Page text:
|Gender Issues in Integrated Pest Management in African Agriculture (NRI, 1995, 26 p.)|
The purpose of this publication is to examine the relevance of gender issues in the development and implementation of integrated pest management (IPM) in African agriculture. To date, little attention has been paid to gender aspects of IPM, and no comprehensive literature exists on this topic. This lack of reference to gender in the IPM literature would seem to imply that issues of gender are irrelevant to IPM or that IPM is irrelevant to women farmers. A review of the literature on women in agriculture, however, reveals that women are, in fact, the main agents of pest management in African agriculture. It also reveals that gender influences the knowledge, perceptions and needs of farmers, as well as their access to agricultural technologies, information and productive resources. Building on this information, this paper seeks to show that, although thus far neglected, gender is an issue which has important implications for the generation and implementation of IPM. In establishing the relevance of gender to IPM, this paper is organized around a series of five questions:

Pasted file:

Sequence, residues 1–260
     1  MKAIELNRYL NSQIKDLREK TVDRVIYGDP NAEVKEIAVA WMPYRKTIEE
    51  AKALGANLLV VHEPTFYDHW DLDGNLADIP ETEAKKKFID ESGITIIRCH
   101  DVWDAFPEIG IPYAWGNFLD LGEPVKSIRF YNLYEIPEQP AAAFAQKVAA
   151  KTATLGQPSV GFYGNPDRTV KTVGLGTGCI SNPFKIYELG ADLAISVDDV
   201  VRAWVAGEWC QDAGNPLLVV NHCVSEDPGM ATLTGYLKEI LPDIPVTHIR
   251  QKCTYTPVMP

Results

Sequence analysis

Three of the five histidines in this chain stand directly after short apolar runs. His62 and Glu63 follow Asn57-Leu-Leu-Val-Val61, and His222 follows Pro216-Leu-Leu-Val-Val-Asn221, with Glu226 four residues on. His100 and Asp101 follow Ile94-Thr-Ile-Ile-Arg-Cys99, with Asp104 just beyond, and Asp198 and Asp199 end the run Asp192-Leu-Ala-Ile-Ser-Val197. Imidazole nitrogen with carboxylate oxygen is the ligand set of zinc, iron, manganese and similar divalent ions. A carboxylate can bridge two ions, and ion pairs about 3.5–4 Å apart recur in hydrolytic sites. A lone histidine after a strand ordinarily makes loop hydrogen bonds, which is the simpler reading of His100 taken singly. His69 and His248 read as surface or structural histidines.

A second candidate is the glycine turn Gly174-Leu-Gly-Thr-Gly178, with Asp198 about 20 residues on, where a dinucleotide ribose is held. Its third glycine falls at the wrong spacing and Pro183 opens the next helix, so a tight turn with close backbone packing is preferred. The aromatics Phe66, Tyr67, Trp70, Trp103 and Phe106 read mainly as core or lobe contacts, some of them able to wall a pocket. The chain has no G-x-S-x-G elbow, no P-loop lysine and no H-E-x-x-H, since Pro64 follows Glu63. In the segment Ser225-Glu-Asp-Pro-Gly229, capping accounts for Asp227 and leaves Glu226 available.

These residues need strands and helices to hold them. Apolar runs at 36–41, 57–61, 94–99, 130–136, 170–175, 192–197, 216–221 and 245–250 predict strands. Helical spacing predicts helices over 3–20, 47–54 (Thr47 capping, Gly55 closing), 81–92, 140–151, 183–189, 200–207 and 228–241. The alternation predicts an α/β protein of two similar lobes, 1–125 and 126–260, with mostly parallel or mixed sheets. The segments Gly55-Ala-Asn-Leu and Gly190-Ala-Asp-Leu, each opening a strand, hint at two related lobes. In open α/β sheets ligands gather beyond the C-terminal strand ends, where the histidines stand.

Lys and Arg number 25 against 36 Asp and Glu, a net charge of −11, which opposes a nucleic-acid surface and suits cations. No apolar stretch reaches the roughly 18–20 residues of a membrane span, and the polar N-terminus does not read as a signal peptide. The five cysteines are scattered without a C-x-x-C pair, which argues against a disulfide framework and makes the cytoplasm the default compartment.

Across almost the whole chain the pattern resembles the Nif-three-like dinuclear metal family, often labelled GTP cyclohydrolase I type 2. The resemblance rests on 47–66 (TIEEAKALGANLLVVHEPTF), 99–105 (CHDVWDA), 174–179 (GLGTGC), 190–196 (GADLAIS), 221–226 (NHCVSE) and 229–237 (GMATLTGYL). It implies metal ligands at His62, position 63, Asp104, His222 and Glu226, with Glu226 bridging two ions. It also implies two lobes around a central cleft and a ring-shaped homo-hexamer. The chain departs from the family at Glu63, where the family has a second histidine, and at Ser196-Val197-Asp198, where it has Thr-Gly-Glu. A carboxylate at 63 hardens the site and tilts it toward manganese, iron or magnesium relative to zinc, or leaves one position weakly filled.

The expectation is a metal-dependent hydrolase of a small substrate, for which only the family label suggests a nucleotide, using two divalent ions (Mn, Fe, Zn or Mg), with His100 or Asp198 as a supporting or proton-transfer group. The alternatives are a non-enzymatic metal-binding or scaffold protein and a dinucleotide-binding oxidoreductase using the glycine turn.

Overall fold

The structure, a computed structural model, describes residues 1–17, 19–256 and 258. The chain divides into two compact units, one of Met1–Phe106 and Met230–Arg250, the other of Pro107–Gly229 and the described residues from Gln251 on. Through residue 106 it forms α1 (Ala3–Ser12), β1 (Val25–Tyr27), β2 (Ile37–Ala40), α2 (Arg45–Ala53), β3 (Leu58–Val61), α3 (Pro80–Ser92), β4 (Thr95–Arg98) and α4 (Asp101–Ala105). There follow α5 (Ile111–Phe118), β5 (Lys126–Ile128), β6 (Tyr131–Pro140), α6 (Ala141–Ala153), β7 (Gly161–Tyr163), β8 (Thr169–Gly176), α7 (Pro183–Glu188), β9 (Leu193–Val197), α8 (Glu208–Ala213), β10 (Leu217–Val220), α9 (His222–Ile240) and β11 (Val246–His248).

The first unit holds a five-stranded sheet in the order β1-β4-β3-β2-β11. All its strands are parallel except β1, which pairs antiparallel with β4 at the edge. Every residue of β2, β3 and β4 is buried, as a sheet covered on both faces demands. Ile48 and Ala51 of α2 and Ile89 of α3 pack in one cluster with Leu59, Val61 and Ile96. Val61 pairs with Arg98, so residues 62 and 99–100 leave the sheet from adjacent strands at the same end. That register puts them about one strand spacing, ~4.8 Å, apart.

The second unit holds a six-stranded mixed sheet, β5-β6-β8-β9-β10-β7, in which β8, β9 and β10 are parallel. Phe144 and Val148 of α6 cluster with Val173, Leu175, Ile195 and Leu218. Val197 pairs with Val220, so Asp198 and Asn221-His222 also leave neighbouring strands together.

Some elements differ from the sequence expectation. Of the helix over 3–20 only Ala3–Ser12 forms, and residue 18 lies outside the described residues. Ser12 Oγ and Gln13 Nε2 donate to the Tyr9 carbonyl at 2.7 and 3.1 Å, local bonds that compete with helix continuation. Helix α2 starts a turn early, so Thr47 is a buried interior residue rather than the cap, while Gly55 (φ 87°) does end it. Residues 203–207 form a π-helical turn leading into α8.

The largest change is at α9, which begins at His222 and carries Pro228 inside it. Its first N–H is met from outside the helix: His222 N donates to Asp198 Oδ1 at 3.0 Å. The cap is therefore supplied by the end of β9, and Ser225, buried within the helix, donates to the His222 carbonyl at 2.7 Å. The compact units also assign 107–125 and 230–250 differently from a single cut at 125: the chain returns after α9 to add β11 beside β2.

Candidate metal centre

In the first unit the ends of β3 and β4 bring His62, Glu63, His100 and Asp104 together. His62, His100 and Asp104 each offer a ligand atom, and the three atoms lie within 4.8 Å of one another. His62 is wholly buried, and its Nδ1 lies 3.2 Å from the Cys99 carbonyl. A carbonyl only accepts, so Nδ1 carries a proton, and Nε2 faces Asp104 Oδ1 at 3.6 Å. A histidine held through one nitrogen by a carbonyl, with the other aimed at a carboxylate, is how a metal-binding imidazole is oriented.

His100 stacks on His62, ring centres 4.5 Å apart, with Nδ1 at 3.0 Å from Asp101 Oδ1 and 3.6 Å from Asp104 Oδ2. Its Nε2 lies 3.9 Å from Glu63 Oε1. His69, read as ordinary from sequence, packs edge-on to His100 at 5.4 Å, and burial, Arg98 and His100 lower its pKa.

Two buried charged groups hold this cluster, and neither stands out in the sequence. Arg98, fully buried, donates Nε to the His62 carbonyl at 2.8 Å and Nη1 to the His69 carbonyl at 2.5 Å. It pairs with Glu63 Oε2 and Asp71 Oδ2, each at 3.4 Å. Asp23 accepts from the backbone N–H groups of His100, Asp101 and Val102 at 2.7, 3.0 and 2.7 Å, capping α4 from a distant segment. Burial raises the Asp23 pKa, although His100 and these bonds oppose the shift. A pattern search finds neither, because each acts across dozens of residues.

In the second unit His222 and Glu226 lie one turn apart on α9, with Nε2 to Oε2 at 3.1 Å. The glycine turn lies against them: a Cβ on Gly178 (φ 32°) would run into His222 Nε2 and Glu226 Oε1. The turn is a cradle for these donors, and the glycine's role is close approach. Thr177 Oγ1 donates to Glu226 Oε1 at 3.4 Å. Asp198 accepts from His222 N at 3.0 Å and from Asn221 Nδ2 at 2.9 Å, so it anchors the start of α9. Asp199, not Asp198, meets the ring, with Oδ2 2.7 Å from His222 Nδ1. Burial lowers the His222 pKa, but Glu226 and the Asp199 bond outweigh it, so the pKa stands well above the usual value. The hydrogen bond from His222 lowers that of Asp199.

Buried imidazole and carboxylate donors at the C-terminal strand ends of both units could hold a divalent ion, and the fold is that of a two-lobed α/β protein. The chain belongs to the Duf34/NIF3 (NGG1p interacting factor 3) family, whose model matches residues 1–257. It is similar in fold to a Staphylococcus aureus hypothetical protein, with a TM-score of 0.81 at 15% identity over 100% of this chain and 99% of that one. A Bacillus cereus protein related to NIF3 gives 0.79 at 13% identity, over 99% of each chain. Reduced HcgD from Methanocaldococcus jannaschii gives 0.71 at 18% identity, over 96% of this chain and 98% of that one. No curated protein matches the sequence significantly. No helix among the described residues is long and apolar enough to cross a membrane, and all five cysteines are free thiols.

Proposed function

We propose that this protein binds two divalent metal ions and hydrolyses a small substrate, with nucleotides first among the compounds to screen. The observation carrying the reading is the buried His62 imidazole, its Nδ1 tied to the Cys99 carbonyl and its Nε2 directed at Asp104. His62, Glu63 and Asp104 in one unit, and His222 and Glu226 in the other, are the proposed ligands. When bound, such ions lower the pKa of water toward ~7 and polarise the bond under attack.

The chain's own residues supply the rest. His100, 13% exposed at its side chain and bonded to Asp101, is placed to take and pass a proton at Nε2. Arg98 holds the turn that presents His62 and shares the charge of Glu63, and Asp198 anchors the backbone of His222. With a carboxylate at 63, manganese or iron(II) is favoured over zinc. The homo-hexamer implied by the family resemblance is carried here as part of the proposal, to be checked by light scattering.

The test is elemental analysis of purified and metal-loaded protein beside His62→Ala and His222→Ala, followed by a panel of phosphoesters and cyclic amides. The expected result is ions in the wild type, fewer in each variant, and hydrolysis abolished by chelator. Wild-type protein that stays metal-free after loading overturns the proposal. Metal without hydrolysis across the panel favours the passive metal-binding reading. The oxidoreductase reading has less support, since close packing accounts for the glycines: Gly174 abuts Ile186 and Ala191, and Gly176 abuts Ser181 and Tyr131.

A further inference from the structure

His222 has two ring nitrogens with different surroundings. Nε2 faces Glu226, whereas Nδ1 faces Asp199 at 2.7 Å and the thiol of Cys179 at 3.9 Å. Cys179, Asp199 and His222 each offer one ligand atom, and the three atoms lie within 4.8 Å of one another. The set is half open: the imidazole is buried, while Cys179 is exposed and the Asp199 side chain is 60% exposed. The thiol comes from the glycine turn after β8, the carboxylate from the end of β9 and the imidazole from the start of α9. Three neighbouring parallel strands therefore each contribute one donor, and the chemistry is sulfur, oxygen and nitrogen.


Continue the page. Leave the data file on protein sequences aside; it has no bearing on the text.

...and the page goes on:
(a) To what extent do women participate in pest management activities?
(b) Do the technological needs of women in IPM differ from those of men?
(c) Are the specific technological needs of women farmers taken into account in the research and development of IPM technologies.
(d) How are IPM technologies diffused and do they reach women farmers?
(e) How does the knowledge and expertise of women farmers differ from that of men, and do women farmers have any particular contributions to make towards the generation and implementation of IPM technologies?
The paper is divided into three sections. The first is an introduction, providing a brief overview of the fundamental concepts of IPM and gender. In the second section, each of the above five questions is considered, based on evidence from across Africa gained from a review of the literature and drawn from interviews with researchers and practioners at national and international research centres. Finally, the policy implications of the paper's findings are discussed and some recommendations for achieving greater gender sensitivity and effectiveness in IPM are provided.